FORESTVILLE, Calif. â€” Northern California and Nevada braced for another powerful storm after getting lashed by downpours that flooded roads, homes and vineyards and toppled a storied giant sequoia.
Parts of Northern California were soaked by more than a foot of rain over a 72-hour period that ended early Monday, forcing hundreds of people to evacuate and leaving thousands without power. The heavy rains forced rivers out of their banks and toppled trees, among them the famed “Pioneer Cabin” in Calaveras Big Trees State Park that had a drive-thru tunnel carved into its base more than a century ago.
Another strong storm was bearing down on the region and expected to hit Tuesday.
Emergency crews in rescue boats and helicopters took advantage of a one-day respite from the rains later Monday to rescue stranded people and assess damage after a weekend of stormy weather that authorities called the heaviest rain in a decade.
In the Sierra Nevada mountains, a winter storm warning was in effect until Thursday morning with the potential for blizzard and white-out conditions, said Scott McGuire, a forecaster for the National Weather Service based in Reno, Nevada.
Four to 8 feet of snow are forecast through Thursday above 7,000 feet, and the Lake Tahoe area could get between 2 to 5 feet of snow, he said.
“People need to avoid travelling if at all possible,” said McGuire. Avalanche concerns kept some California ski areas closed for a second day Monday in the Sierra Nevada.
In the San Francisco Bay Area, a coastal flood advisory was in effect from Tuesday through Friday, with a forecast for up to 7-foot “king tides” that could pose a flooding risk for coastal roadways, said Steve Anderson, a National Weather Service forecaster in Monterey, California.
Flood warnings and a high-wind watch was also in effect Tuesday for the Russian River, which rose to its highest level since 2006 and spilled over its banks early Monday, flooding roads and vineyards and forcing schools to close across the area.
“It’s been about 10 years since we’ve experienced this kind of rainfall,” Anderson said Monday. He said the storm system arriving Tuesday was not as potent as over weekend but could still cause problems. “The big concern is flash flooding, rapid rises on creeks and the Russian River coming out of its banks again.”
Parts of California’s wine country in Sonoma County were among the hardest hit, with up to 13 inches of rain from Friday-early Monday. Rolling hills and vineyards along the scenic route known as River Road were submerged Monday with just the tips of the vines visible in completely flooded fields.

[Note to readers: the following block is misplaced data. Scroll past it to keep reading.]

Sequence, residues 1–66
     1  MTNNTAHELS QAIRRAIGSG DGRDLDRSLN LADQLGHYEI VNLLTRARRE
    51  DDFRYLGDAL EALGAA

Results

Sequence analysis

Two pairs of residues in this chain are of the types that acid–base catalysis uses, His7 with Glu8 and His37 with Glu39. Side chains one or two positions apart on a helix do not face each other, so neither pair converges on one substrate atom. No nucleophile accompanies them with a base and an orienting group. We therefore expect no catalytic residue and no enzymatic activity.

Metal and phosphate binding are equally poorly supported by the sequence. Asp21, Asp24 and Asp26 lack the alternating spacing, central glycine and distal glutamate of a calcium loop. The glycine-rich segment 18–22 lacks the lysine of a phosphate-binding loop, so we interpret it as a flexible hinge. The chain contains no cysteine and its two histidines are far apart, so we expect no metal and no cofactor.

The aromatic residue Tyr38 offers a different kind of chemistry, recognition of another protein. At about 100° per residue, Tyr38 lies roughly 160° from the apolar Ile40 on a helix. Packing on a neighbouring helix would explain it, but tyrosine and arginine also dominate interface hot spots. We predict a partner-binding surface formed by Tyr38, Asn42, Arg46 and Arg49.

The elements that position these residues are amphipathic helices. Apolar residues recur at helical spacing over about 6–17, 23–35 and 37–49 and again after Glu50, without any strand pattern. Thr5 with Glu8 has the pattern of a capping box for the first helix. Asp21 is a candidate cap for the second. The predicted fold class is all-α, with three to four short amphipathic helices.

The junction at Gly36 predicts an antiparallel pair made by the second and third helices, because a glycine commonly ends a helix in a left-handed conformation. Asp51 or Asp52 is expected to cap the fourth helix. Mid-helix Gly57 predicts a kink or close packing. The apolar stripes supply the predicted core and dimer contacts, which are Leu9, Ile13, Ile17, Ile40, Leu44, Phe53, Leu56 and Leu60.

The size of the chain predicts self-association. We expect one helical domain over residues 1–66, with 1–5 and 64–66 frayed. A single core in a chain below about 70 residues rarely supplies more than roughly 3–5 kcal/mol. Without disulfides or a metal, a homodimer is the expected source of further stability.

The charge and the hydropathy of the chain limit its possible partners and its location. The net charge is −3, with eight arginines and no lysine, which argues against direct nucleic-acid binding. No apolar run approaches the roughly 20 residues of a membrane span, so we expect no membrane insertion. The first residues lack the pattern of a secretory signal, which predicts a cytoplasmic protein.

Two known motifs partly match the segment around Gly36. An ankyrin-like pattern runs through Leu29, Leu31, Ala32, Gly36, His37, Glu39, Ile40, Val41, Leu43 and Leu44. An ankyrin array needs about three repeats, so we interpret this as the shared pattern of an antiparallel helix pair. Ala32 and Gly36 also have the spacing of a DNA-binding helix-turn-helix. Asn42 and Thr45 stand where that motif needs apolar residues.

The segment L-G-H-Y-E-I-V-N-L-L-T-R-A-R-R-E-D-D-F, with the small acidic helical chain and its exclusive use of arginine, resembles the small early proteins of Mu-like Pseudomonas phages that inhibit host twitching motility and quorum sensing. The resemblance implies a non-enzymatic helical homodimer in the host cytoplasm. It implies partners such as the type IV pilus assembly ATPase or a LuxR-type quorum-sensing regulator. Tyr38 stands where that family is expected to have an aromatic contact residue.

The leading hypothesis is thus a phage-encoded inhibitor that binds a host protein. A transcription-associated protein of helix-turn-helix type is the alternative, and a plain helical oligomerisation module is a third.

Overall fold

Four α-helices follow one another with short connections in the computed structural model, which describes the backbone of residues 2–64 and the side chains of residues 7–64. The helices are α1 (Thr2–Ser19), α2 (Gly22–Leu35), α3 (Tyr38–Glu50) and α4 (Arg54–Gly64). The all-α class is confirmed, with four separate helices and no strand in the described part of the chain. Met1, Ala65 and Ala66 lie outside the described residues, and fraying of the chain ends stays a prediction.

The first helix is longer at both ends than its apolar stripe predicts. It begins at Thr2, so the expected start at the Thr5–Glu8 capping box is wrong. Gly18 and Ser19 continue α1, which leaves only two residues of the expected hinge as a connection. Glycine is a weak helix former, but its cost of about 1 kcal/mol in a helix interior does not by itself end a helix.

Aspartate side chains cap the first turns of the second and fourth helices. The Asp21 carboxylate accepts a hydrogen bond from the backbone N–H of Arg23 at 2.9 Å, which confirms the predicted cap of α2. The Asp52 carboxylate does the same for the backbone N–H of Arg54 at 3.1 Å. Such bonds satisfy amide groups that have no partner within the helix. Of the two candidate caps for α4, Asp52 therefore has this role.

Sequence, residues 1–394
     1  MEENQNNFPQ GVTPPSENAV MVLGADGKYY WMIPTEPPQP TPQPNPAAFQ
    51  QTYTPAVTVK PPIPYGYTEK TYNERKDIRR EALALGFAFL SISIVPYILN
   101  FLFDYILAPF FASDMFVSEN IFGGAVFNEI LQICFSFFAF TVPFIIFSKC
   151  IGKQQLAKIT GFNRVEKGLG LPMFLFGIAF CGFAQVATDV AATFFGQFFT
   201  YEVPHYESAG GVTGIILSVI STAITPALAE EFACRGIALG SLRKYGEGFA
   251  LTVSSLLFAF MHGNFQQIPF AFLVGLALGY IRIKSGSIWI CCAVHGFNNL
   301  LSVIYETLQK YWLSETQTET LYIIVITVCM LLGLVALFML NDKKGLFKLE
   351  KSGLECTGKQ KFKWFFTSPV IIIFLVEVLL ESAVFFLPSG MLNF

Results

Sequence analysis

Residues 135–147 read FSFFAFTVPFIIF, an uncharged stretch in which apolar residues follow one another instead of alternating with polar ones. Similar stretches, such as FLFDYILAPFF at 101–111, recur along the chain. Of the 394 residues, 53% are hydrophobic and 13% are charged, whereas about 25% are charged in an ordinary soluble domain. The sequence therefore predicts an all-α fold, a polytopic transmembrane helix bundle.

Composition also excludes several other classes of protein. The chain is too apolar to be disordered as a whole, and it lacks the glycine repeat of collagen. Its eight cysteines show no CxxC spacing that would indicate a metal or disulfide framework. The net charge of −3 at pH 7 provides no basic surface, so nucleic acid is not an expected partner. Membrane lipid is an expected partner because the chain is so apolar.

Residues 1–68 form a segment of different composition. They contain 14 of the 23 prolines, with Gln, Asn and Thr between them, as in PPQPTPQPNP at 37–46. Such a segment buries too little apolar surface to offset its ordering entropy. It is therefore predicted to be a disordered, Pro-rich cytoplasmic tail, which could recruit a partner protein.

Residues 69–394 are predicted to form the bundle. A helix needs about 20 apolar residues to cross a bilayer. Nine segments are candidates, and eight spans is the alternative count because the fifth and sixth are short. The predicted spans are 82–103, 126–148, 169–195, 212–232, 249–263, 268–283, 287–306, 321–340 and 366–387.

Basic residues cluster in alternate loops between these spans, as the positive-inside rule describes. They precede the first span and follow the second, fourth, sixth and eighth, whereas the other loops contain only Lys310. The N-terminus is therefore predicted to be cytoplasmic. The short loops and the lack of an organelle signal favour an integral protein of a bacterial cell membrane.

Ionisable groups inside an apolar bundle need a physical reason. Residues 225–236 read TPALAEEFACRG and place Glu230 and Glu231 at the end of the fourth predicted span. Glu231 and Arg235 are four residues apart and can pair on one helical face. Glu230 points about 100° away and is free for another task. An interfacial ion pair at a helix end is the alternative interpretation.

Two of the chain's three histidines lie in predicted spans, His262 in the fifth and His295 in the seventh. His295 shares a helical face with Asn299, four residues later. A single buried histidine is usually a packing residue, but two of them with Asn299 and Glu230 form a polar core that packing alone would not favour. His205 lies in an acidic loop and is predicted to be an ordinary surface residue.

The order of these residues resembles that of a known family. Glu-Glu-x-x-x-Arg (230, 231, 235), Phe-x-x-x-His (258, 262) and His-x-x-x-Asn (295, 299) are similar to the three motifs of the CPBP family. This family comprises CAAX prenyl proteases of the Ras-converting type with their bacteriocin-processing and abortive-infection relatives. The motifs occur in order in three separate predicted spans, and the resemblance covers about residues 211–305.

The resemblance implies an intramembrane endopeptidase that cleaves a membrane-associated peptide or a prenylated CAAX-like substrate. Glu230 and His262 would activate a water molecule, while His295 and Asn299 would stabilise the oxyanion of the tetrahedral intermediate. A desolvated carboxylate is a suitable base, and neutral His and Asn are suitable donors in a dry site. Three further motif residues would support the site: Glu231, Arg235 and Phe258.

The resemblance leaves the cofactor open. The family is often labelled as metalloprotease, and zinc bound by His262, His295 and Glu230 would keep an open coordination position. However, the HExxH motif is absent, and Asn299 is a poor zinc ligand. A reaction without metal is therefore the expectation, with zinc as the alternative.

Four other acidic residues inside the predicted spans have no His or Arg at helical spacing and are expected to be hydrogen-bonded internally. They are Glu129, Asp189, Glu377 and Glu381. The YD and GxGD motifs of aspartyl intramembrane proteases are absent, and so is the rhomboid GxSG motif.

Melba Martinelli, who lives in the Russian River town of Guerneville, was wading through her yard Monday in knee-high rain boots, surrounded by flooded streets.
“I’m watching the water come up higher and higher, and my boots are almost going underwater now,” Martinelli said. “The river is coming up the street now. It’s pretty scary.”
In nearby Forestville, rescuers launched rafts and used a helicopter to search for people cut off by rising water. Authorities said the mostly dry conditions Monday were a relief.
Such gaps between storms are “what saves us from the big water,” Forestville Fire Chief Max Ming said. “People hunker down and wait for it to get past.”
To the south near Los Angeles, commuters were warned of possible highway flooding and mudslides in hilly areas.
The back-to-back storms that hit California and Nevada since last week are part of an “atmospheric river” weather system that draws precipitation from the Pacific Ocean as far west as Hawaii. That kind of system, also known as the “pineapple express,” poses catastrophic risks for areas hit by the heaviest rain.
Despite the bad weather in some parts, Yosemite National Park was forecasting a return to normal. The park planned to reopen the valley floor to visitors Tuesday morning after it was closed through the weekend and Monday because of a storm-swollen river, park spokesman Scott Gediman said. He said guests will be allowed back in starting at 8 a.m. for day visitors. Park workers were checking the extent of damage from the storm to water and sewer systems, he said.
Sacramento River levels swelled so much that state officials planned to open the weir located upstream from Sacramento’s Tower Bridge for the first time in more than a decade. The weir is a barrier of 48 gates that must be opened manually to protect the city of Sacramento from floodwaters.
Emergency workers in Nevada voluntarily evacuated about 1,300 people from 400 homes in a Reno neighbourhood as the Truckee River overflowed and drainage ditches backed up.
Schools were cancelled Monday in Reno and Sparks, and Gov. Brian Sandoval told all nonessential state government workers to stay home Monday after he declared a state of emergency.
After touring the two cities, Sandoval said no serious injuries were reported during the flooding, which authorities had feared might be the worst in a decade.
“It’s bittersweet because it wasn’t as bad as it could have been,” Sandoval said. “But to those people affected, it was really hard on them.”
Gecker reported from San Francisco. Associated Press writers Janie Har in San Francisco, Christopher Weber in Los Angeles, Scott Sonner in Reno, Colleen Slevin in Denver and Scott Smith in Fresno also contributed to this report.
Ellen Knickmeyer And Jocelyn Gecker, The Associated Press